Center for
Issue #38
July 2022
Professor Gaizka Ormazabal
ESG-Linked Pay
A growing number of firms are incorporating ESG criteria in executive compensation contracts (henceforth, I will refer to this compensation practice as “ESG pay”). Based on data on thousands of firms across the world, a recent IESE study(1) finds that the percentage of listed firms linking executive pay to ESG performance has grown from 1% in 2011 to 38% in 2021. In some industries, this percentage is as high as 70%.

These statistics raise a natural question: Why are firms adopting ESG Pay? The answer is not obvious. To begin, one could argue that caring about the planet and social justice is a “must”, and thus should not be subject to variable remuneration. A related argument is that executives already have powerful non-monetary incentives to improve ESG performance in the form of social pressure, reputation, and the like.

One could reply to the previous objections that monetary incentives are necessary because the current ESG ambitions of our society entail a dramatic transformation of the economy, which requires that executives go the extra mile. But even if we accept this perspective, it is not completely obvious that we need ESG pay. Let me elaborate.

Top executives frequently make a business case for ESG. For example, it is commonly argued that improving ESG performance has beneficial effects on the product markets (consumers care about ESG), on the labor market (ESG helps retain and attract talent), and on the financial market (investors increasingly demand ESG performance). Not only that, the effort to improve ESG could result in mitigation of critical risks such as those related to climate change and social unrest. And there is yet another potential benefit: higher ESG performance could prevent regulatory scrutiny and activism.

If we buy into the above arguments, we should expect that ESG efforts translate into financial performance. So why do we need to introduce ESG metrics in compensation contracts? Doesn’t the previous argument suggest that ESG performance will eventually show up in financial metrics? Moreover, do we trust ESG metrics? Keep in mind that measuring ESG performance is an extremely difficult task. ESG is a multidimensional concept with many aspects that are hard to quantify. In fact, there is an ongoing debate about how to design sustainability reporting rules, and commercial ESG ratings are subject to substantial criticism. Let’s face it – we still have a lot to learn in terms of measuring ESG performance. The metrics we currently use suffer from important limitations.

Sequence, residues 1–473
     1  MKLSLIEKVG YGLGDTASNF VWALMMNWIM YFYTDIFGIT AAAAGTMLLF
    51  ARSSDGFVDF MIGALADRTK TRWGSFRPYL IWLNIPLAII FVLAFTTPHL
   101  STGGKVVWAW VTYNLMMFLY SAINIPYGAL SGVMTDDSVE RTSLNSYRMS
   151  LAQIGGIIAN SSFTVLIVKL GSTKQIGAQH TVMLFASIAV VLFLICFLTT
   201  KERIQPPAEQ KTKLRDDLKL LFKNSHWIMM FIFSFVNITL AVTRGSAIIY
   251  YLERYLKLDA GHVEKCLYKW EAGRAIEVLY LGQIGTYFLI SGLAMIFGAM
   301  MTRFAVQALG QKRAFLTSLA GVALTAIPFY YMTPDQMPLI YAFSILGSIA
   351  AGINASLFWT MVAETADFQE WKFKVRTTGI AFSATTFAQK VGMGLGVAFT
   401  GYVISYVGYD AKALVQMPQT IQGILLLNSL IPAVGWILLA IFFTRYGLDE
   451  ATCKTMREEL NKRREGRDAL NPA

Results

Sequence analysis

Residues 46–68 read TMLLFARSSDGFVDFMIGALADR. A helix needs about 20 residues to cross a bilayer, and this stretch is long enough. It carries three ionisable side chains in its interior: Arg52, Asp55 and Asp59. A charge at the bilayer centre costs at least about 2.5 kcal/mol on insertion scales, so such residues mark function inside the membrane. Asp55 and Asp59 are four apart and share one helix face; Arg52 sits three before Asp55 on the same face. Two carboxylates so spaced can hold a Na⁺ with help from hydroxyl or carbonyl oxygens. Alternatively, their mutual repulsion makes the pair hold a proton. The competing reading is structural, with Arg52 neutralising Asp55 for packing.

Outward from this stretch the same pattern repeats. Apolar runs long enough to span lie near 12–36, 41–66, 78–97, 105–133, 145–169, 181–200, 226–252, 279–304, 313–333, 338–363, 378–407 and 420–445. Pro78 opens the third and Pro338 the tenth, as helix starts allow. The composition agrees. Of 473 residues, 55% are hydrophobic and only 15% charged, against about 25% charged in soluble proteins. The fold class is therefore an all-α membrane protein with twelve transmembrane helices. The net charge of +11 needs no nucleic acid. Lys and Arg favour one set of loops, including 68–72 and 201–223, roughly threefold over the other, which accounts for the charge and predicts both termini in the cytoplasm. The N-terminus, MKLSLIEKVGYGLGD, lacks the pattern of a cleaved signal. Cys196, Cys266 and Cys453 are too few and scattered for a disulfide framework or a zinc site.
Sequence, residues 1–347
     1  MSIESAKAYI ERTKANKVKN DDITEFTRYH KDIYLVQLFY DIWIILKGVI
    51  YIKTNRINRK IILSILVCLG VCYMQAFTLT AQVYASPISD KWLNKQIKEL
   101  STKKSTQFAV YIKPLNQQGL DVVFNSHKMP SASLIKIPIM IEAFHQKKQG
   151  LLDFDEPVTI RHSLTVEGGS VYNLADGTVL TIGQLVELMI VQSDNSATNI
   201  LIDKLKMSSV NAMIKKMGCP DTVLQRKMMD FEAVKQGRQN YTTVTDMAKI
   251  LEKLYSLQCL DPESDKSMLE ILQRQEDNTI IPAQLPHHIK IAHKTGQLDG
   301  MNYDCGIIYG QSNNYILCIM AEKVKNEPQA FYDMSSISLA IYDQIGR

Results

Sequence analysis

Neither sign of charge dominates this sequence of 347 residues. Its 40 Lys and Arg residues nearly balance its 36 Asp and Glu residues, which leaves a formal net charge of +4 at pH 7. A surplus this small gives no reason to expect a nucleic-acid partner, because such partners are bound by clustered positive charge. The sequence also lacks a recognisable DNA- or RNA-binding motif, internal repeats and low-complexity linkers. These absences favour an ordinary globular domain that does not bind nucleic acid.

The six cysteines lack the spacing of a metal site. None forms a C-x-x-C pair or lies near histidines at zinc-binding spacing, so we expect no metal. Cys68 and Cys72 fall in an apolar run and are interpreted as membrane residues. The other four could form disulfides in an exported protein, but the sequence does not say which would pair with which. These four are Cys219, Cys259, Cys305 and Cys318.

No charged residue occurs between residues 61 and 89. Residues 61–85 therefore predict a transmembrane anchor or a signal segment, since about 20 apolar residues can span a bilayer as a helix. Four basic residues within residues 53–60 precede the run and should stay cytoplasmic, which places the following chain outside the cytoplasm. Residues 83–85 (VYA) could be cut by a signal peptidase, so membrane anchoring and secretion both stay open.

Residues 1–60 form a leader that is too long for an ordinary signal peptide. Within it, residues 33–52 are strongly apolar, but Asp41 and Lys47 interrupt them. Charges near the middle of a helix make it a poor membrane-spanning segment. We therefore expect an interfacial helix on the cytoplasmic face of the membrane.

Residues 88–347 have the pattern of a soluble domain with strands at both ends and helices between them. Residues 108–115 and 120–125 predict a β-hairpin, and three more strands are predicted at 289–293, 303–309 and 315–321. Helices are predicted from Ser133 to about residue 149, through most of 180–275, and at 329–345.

The problem is that, when it comes to measuring ESG performance, financial metrics also suffer from significant constraints. First, performance measures such as ROA, EBITDA and EPS are based on accounting information. It is well known that financial statements have a limited ability to incorporate forward-looking and intangible information (among other things, due to accounting conservatism). For example, it is unlikely that accounting earnings fully capture the beneficial effects of ESG on shareholder returns, as some of these effects are hard to measure and too uncertain to be recognized in financial statements.

What about basing compensation on the stock price of the firm? True, the stock price is forward looking and does incorporate intangibles. However, it relies on market efficiency, which has its limits. For example, do stock prices capture the potential future consequences of climate risk and social unrest? Even the strongest advocates of market efficiency would doubt that the market can quantify future events that have a high degree of uncertainty.